Home > News > How Far Are We from an Electric Vehicle Tipping Point?

A recent Business Insider article (“Everyone is making the same big mistake about electric cars”) offered a perspective regarding the barriers to broader electric vehicle adoption. This is a response from BIEVA member, Bill Bugbee.

Nothing could be further from the truth…”It’s currently incontrovertible: very few people want to buy an electric car…” Beyond early adopters, the general public has been waiting on several things to coalesce; range, charging convenience, and EV model selection (cars, pickups and SUVs). Within the next two model years EV selection of mass-market to luxury choices will expand dramatically.

Ownership retention is the market signal that EV’s are not going away. To the contrary, the electrification of personal ground transportation in the coming years will become the norm, rather than the exception. Tesla has already demonstrated, with global advance orders by major transportation players the demand for its all-electric Semi truck-trailer, and the promise of zero emissions and autonomous commercial trucking within the next few years.

The growing popularity of EV’s is easy to understand. Near zero maintenance, outstanding performance with 100% torque on-demand, long vehicle life, quiet and comfortable ride, all rolled up in one package.

Tesla has set a very high bar for competitors by delivering to the driving public vehicles with style, unmatched performance (blows away any ICE performance competitor), and advanced technology that has Germany, Japan, Detroit, S. Korea, and China all scrambling to play catch up – good luck with that.

GM’s introduction of the 225 mile range Bolt EV features a small cross-over vehicle design with lots of utility, plenty of range, and acceleration. Unlike the Chevy Volt, GM finally appears fully committed to EV’s and the Bolt’s success, along with other “future” EV platforms.   Meantime, Tesla’s model 3 (with 220 miles base model range, and 310 miles range for Premium model versions) is now being delivered to a massive 450,000 back-order list of new and patient Tesla customers.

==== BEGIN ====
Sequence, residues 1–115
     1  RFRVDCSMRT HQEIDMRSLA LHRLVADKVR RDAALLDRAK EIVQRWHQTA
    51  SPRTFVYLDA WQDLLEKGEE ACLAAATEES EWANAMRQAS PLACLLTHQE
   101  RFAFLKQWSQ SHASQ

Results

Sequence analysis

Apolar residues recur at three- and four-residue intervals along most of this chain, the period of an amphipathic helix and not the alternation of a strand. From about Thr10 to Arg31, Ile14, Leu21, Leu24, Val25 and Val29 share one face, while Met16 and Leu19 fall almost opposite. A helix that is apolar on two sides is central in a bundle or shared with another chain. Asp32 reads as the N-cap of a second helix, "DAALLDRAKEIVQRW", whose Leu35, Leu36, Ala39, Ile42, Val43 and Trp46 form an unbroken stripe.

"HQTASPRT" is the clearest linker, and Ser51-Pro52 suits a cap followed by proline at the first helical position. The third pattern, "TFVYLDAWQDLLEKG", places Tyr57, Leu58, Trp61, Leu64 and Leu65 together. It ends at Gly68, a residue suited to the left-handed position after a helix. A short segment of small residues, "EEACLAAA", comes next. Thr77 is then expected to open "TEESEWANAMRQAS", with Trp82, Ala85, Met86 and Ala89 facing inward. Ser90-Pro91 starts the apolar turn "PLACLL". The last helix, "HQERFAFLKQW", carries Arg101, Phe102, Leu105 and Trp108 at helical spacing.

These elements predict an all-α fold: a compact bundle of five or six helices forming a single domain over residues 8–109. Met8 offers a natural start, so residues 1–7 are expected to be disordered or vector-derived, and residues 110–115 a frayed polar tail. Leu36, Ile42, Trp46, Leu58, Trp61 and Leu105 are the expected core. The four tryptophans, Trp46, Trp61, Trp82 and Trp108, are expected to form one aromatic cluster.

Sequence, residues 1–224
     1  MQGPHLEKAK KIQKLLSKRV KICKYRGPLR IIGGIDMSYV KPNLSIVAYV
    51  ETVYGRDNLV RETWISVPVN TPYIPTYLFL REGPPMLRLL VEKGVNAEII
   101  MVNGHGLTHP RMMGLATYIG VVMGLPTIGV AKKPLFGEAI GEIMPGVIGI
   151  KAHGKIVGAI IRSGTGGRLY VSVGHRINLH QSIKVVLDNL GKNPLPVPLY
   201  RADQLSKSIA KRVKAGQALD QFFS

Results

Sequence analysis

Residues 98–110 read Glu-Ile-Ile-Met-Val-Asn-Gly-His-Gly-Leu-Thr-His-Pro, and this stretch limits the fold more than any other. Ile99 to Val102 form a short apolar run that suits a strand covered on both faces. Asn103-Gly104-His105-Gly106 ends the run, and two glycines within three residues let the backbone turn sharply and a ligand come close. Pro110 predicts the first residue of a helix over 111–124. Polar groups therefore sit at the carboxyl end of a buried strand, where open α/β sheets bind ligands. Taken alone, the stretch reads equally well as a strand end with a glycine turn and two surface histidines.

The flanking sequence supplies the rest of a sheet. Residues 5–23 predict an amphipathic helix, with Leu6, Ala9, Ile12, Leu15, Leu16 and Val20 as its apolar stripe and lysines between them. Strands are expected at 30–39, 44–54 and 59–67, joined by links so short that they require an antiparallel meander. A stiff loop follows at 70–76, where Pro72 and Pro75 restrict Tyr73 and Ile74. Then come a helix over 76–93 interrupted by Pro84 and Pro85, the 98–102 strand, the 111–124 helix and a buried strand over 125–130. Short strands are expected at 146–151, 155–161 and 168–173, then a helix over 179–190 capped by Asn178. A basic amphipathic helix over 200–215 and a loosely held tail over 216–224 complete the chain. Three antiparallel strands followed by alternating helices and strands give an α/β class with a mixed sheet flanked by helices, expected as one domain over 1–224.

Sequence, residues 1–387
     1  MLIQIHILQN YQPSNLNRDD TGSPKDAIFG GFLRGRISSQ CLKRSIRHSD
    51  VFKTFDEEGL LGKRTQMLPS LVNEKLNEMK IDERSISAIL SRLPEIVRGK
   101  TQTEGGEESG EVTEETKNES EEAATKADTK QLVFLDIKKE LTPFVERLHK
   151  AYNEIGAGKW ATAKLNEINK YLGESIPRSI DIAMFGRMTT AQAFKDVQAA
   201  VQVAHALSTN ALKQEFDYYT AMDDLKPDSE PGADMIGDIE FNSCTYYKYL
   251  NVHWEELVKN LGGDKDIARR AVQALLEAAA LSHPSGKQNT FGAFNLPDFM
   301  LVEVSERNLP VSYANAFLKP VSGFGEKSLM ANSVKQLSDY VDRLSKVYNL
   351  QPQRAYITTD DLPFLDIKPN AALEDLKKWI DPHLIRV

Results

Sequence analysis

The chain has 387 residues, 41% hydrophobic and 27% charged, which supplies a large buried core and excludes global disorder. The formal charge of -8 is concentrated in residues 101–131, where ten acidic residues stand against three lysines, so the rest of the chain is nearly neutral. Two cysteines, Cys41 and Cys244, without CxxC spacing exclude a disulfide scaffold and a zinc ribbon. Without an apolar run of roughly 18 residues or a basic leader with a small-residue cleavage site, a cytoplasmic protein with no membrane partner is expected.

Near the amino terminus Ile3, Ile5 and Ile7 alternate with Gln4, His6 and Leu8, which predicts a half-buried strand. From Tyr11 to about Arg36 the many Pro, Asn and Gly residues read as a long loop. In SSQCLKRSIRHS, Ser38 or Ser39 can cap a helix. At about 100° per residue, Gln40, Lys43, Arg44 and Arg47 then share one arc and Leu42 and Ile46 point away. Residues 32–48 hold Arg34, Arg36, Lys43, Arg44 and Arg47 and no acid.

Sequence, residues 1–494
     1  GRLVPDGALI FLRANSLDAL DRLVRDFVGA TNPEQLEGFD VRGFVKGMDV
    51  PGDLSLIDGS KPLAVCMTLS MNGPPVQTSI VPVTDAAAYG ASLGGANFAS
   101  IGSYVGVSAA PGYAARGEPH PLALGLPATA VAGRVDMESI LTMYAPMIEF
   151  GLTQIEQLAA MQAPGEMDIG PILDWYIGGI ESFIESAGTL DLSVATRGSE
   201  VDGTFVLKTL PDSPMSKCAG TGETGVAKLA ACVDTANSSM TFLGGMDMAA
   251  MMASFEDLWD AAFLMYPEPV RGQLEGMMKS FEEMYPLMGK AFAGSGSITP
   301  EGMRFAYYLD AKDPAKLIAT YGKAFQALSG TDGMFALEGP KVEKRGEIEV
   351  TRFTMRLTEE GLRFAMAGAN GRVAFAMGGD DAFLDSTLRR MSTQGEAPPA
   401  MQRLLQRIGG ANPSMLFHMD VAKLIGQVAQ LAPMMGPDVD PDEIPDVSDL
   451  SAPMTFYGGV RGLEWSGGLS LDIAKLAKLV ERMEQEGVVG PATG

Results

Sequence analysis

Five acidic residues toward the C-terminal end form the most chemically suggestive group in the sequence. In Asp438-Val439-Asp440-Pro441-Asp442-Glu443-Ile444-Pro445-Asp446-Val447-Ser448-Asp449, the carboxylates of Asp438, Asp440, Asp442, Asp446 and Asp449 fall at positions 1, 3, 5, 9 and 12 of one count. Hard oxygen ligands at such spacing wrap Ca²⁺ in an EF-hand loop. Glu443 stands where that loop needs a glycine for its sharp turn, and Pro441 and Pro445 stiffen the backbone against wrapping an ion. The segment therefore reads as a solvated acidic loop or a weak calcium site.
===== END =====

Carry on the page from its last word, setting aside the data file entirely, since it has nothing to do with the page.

Both the Chevy Bolt and Model 3 are riding the transformative wave of second generation EV mass market adoption.  Governments and utilities are playing catch up, and creating some bumps in the road to mass market EV adoption.

Presently, there is an absence of charging networks (other than Tesla’s cross-county charging infrastructure now in place).  This limitation will go away in time with greater vehicle range (as the driving charge range threshold grows from 100 to 200 to 300 to 400 plus miles), and new and expanded charging options for EV owners.

Current EV ownership limitations have translated into an owner profile that favors EV’s with greater than 200 miles range, and owners with home garages and charging stations, or access to residential parking and charging, and/or place-of-business buildings with charging stations.  The convenience and benefits of home charging cannot be overstated. This is especially true for EV owners here in Hawai’i with PV solar generation on their home and/or business roof tops that provide the added advantage of fueling their vehicles for free via the sun …and that benefits everyone, as well as the planet.

…” EV versus gas-powered car —can’t be justified on the simplistic grounds that EVs are in the end cheaper to own.”  This article statement is true; there are many additional advantages of EV ownership that exceed the sum of lower ownership operating costs – and I submit, the joy of driving electric.


Bill Bugbee is a clean energy and sustainability advocate. He was Chairman of the Board at Community Forums and is the Director at Globetrans EC. Importantly, he ‘walks the talk’ – Bill owns a Chevy Volt and Tesla Model S 90D. He also powers his home and cars with solar energy. He resides in Kona.

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